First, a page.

The Natural Man and the Things of God

"But the natural man receiveth not the things of the Spirit of God: for they are foolishness unto him: neither can he know them, because they are spiritually discerned." 1 Corinthians 2:14

    The natural man is the one who has never been born again. He does not have the Spirit of God. He is disinclined to receive spiritual truths because they sound like nonsense to him. But that is not all! He cannot understand spiritual truths because they can only be understood by the illumination of the Holy Spirit.

    This must be emphasized. It is not just that the unsaved man doesn't want to understand the things of God. He cannot understand them. He has a native incapacity for doing so.

    This helps me in properly evaluating the scientists, philosophers and other professional people of the world. As long as they speak about mundane matters, I respect them as experts. But as soon as they start intruding into the spiritual realm, I write them off as unqualified to speak with any authority.

    I am not unduly surprised if some college professor or even some liberal clergyman grabs the headlines with doubts or denials concerning the Bible. I have come to expect that and disregard it. I realize that the unregenerate have gone beyond their depth when they talk about the things of the Spirit of God.

    F. W. Boreham likened the great men of science and philosophy to second-class passengers on an ocean liner, barred from the first-class promenade. "Scientists and philosophers - as such - are, so to speak, 'second-class passengers,' and they must be kept on their own side of the barrier. They are not authorities on the Christian faith... The fact is that we have a faith which cannot be shocked by the contempt of second-class passengers, and which derives no real support from their corroboration and patronage."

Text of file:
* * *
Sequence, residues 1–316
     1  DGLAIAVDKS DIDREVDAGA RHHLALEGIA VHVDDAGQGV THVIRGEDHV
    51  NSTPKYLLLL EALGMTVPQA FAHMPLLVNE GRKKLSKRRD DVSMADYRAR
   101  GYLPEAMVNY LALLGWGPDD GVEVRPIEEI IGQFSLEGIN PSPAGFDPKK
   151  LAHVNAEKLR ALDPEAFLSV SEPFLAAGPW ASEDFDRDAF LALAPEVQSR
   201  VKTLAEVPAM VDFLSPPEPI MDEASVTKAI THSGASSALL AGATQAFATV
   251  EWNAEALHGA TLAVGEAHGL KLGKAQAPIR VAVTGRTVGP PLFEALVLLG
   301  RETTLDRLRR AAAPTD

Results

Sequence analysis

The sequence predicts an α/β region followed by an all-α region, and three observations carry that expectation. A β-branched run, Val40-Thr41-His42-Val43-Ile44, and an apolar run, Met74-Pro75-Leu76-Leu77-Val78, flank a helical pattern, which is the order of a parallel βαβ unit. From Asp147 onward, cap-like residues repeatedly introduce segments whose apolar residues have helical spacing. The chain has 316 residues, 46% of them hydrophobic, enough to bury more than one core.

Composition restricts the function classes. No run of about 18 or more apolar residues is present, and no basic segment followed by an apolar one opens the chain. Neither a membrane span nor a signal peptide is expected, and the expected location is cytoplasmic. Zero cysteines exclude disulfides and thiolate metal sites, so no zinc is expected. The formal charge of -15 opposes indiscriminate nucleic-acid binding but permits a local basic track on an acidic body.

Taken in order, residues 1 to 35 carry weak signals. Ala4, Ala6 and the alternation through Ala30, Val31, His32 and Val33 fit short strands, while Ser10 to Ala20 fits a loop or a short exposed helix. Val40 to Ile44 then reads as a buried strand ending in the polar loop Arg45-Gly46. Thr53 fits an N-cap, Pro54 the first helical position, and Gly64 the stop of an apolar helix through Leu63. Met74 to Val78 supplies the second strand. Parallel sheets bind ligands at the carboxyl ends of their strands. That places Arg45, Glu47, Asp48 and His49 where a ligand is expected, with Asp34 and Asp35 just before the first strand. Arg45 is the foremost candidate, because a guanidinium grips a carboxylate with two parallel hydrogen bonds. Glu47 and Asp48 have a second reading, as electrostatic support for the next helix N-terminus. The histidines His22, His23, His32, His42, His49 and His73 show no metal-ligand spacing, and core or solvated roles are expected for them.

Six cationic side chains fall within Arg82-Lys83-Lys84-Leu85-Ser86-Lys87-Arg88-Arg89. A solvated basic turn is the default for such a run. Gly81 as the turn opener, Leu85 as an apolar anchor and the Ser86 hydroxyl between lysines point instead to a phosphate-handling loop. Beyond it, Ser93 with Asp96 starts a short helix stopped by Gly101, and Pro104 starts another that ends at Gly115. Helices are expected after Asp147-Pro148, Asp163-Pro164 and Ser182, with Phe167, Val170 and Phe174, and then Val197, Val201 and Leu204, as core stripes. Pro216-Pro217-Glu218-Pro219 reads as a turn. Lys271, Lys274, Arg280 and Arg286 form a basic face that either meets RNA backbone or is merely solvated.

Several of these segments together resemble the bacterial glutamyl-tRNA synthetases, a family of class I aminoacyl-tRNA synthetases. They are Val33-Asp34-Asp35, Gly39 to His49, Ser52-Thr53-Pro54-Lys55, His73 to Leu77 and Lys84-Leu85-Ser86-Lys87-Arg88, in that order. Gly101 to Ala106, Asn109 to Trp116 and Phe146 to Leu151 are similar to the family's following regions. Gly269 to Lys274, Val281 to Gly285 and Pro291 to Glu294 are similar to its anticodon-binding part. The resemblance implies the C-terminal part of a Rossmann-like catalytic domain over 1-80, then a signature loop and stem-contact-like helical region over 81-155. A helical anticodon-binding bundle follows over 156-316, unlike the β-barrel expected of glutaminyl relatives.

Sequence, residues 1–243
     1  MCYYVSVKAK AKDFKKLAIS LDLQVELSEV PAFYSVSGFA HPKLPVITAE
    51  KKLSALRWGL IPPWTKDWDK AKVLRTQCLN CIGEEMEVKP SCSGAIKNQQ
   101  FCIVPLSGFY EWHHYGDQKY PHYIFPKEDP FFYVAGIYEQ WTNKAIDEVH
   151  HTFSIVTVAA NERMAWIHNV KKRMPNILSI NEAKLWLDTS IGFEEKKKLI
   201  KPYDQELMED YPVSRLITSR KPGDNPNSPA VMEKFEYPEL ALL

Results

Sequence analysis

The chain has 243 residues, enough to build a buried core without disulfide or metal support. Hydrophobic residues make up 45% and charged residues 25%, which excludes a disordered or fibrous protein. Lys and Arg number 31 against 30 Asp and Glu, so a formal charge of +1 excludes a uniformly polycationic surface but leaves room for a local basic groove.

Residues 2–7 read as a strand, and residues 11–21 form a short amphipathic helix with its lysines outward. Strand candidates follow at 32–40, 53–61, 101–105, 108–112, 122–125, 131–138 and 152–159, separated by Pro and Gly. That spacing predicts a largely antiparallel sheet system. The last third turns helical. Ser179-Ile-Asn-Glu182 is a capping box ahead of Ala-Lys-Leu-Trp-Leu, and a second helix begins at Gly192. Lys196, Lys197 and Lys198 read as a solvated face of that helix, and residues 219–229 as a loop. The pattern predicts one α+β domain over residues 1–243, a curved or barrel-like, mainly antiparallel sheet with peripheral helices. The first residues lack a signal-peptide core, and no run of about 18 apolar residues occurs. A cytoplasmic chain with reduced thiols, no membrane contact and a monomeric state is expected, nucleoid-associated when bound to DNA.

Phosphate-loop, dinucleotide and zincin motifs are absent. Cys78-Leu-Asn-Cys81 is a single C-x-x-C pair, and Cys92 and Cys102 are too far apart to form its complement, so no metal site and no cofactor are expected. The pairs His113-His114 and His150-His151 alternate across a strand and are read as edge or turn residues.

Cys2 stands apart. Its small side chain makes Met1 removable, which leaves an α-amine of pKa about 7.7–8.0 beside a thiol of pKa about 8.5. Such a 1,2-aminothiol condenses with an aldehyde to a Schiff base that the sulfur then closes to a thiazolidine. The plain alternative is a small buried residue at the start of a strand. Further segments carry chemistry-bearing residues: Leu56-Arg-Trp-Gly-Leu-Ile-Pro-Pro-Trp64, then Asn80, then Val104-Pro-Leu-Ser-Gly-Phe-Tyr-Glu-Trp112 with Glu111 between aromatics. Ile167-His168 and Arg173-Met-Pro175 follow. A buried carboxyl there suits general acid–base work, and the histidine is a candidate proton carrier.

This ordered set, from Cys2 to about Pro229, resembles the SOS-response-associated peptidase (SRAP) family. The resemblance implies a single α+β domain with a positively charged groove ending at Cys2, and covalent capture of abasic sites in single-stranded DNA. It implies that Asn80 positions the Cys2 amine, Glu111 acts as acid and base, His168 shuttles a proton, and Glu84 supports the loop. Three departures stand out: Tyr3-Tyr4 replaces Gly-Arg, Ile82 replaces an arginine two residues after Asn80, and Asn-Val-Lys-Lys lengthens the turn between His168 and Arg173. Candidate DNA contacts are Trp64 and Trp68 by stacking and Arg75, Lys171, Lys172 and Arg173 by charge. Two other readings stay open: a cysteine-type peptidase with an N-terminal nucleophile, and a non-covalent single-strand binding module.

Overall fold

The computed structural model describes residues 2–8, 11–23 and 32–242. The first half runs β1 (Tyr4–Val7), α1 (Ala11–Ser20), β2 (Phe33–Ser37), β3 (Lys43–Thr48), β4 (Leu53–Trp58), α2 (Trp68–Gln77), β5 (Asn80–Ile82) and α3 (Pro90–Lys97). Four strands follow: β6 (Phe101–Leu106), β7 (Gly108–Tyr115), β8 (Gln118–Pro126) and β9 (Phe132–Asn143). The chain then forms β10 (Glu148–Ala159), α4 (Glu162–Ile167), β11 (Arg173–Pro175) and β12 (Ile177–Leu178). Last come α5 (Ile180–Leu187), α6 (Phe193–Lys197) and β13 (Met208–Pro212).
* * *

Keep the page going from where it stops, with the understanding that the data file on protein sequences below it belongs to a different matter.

Of course, there is the occasional scientist or philosopher who is a saint. In such a case, Boreham said, "I always discover a 'first-class ticket' peeping out of his pocket; and as I stroll the promenade in his delightful company, I no more think of him as a scientist than I think of Bunyan as a tinker. We are fellow passengers - first-class."

    Said Robert G. Lee, "Men may be critical and scholarly and scientific, knowing all about rocks and molecules and gases, and yet be utterly incompetent to sit in judgment upon Christianity and the Bible."